Meet your candidate: Anthony Flaccavento

Meet your candidate: Anthony Flaccavento

ABINGDON, Va. - The sprint to the finish line, or election night, is on for candidates across the United States. In Southwest Virginia, the race to represent the 9th District in the U.S. House of Representatives is sparking a lot of conversation.

News 5 sat down with both candidates, simply to introduce voters before they cast their ballot. Here's an introduction to Democratic candidate Anthony Flaccavento.

You've probably noticed campaign signs for Anthony Flaccavento, but what you might not know is this is a first for him. He's switching careers and running as the Democratic Congressional candidate for the 9th District in Southwest Virginia. "I'm a farmer, I raise organic fruits and vegetables. I've been doing that for many years and I've always worked on trying to build strong local economies," said Flaccavento.

On election day, Flaccavento will be squaring off against Republican incumbent Congressman Morgan Griffith. Flaccavento says the biggest issues in the 9th District are jobs, creating a stronger economy, and protecting seniors and veterans. "I'm a believer that the best bet for our district, and the country, is investing in small businesses, family farms, local banks, and creating this bottom-up economy," he said.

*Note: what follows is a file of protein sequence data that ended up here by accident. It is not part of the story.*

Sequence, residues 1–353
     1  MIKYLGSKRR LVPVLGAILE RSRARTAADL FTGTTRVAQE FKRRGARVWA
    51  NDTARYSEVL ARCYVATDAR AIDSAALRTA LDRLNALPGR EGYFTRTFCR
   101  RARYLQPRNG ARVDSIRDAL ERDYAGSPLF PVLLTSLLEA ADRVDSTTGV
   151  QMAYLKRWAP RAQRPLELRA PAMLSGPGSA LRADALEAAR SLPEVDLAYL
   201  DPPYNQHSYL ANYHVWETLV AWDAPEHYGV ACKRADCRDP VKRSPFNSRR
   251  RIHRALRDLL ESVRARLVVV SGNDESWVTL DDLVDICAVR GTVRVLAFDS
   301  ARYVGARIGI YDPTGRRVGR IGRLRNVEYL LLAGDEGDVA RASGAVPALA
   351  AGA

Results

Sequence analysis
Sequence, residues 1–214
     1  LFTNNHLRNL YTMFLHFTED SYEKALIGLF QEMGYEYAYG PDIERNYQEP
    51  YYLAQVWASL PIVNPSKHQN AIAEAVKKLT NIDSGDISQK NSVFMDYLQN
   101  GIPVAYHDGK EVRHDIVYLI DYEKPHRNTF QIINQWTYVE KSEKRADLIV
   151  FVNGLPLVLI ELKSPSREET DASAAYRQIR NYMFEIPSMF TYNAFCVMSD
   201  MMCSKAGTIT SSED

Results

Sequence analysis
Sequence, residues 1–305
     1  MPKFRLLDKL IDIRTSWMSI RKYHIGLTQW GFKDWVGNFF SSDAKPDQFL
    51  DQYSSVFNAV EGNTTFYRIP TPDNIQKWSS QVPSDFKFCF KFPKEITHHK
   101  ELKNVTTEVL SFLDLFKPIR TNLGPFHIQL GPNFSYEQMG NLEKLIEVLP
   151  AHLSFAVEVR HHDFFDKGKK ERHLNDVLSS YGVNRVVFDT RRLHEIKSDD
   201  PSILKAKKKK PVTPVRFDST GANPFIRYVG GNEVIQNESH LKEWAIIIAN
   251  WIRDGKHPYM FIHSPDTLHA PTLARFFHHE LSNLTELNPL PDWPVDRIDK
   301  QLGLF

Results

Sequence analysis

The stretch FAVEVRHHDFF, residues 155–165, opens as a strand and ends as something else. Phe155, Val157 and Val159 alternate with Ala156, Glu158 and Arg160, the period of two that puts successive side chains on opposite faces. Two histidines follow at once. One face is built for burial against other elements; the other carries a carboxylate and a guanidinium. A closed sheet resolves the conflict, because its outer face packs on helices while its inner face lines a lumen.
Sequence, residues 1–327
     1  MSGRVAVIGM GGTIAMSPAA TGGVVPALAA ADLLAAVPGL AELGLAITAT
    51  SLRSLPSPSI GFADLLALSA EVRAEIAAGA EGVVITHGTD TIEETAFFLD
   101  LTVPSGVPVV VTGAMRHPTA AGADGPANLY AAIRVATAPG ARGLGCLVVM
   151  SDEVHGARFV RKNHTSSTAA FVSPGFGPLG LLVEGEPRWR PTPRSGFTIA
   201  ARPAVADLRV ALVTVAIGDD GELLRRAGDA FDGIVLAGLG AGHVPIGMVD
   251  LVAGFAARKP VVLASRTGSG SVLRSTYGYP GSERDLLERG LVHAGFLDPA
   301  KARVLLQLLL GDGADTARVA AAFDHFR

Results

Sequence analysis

The so-called 'war on coal' is sparking a lot of conversation and Flaccavento says he'll carry those concerns to Washington. "We need to invest in the cleanest possible technology, both for mining and for the burning of coal. If we invest in clean technology we can better meet some of the important water and pollution standards," added Flaccavento.

From Jonesville to Martinsville, in Southwest Virginia Flaccavento hopes to be the right voice to represent the 9th District. "It's going to be a little different, in different parts of the district, but the strategy is basically the same. Helping communities help themselves, and become stronger," he said.

Also on the ballot in Virginia this election, a proposed amendment to eminent domain, meaning private property can only be taken when it's clearly for public use. We've learned both candidates support this proposed amendment.

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